by Adam Hamilton
He is the flawed genius of Down Under pacing and he’s tantalisingly close to his last shot at making a serious splash on the racetrack.
His name is Ride High and injuries have restricted the rising 7-year-old stallion to just 18 starts, of which he’s won 16 and shown genuinely freakish talent.
This time last year, the giant son of Art Major sat parked-out for the entire 1,650m trip on a cold winter night and seemed to cruise to the line in a scorching 1:49 mile rate at Bendigo.
“Imagine if he’d been in front, on the marker pegs, which time he’d have run that night,” part-owner and breeder Peter Gleeson said. “When he’s right, there simply isn’t a horse in this part of the world who would live with him.”
But the “when he’s right” part is the key because Ride High’s injury history makes him a day-to-day proposition.
The doubters say he’s destined to fall into the “what might have been” bucket.
Leviathan studmaster and breeder Alan Galloway, of Alabar Farms, tried to buy a share in Ride High for two years and finally succeeded soon after that Bendigo win last year… only to have the pacer sidelined again soon after with issues in both front suspensory ligaments.
“I’ve been all around the world and seen the best of the best, most of them in the flesh, and this horse is next level,” Galloway said. “He’s the best I’ve seen, anywhere, and that includes horses like Niatross and Nihilator.
“The way he gets over the ground so easily and the times he runs without being asked… he’s just amazing.”
Yes, I know there will be lots of you in the U.S. scoffing at Galloway’s comments, but few Down Under command as much respect and have so much experience watching and attending the world’s biggest races.
Galloway largely bought into Ride High for breeding purposes so Ride High will mix his comeback campaign with breeding duties at Alabar. Already at this early stage of the Aussie breeding season, he has over 60 bookings.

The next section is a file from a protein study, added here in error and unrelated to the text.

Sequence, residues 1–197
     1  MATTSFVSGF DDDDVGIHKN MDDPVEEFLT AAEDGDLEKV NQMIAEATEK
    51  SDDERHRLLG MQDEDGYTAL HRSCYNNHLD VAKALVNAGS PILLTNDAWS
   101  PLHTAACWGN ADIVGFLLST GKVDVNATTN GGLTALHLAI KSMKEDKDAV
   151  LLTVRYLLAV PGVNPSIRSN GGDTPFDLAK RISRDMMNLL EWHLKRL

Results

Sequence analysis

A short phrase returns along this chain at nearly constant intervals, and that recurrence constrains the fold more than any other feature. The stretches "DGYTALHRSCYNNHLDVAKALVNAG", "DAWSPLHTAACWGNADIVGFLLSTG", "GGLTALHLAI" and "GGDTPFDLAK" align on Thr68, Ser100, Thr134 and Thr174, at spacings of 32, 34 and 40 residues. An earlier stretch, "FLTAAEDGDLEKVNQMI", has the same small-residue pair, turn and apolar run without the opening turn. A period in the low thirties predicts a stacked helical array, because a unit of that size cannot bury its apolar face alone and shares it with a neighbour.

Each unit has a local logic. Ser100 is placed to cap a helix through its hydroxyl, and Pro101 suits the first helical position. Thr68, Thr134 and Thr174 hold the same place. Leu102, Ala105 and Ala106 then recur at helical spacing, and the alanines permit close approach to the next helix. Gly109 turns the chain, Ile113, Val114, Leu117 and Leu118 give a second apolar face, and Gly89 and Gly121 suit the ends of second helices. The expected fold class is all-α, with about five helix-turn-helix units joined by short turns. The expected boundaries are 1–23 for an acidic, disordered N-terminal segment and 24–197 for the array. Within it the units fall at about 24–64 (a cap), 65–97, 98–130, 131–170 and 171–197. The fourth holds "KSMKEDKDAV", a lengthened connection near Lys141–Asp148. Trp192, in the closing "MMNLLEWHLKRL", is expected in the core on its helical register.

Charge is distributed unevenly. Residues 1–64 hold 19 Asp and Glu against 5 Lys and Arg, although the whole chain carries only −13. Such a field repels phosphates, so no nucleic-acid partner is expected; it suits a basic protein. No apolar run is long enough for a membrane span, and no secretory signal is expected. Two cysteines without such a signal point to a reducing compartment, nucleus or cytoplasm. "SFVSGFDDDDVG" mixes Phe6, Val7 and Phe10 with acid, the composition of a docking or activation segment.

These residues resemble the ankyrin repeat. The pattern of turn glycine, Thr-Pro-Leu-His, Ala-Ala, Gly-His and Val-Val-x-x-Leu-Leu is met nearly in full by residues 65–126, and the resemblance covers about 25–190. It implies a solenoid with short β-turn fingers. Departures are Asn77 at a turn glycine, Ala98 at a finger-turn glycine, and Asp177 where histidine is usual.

“He gets to stay at home (with trainers Clayton Tonkin and Emma Stewart) and is collected from three times a week,” Gleeson said. “It’s not ideal, but getting him back to the races was far from certain so we didn’t want to miss another breeding season with him.”
This is a big week for Ride High. The “collecting” started and he is set to trial (go the qualifiers) any day now. He hasn’t been seen publicly since going amiss in a race at Melton on Oct. 3, last year.
“We know this is the last roll of the dice with him. Our lease to race him runs out next August, but we can’t keep trying to get him back. Either he stands up this time, or we retire him,” Gleeson said.
“I’ve been in this game 54 years and he’s the horse I’ve dreamed of getting… I just hope he gets the chance to show it.”
Tonkin and Stewart, Australia’s most dominant stable, recently built a lavish rehab and pre-training facility at their property outside Melbourne and credit it with getting Ride High so close to a racing return.
“He wouldn’t have got here without it, no question,” Tonkin said. “He’s very close now. There’s been times when we’ve almost given up, but the last few scans have been fantastic. Imagine how we felt last time when the vet said he thought we’d brought the wrong horse in because the legs looked so good.”
The Group 1 Victoria Cup (one of Australia’s big five open-class races) looks too soon on Oct. 9, but Ride High is on target to be back racing around then.
So, what’s Gleeson’s wish-list?
“I’m reluctant to answer that because every day matters with him given his injury history,” he said. “But, if we can keep him sound, and the signs are good, then giving him the chance to show what he can do against the best in the biggest races is the goal.
“The Hunter Cup (February 5) and Miracle Mile (March 5) are the big ones.
“Clayton has always said we won’t see the absolute best of him until he’s in the top races, following the speed and unleashing late.
“I’m sure he’s a 1:46 horse… maybe he’ll prove it in Miracle Mile time.”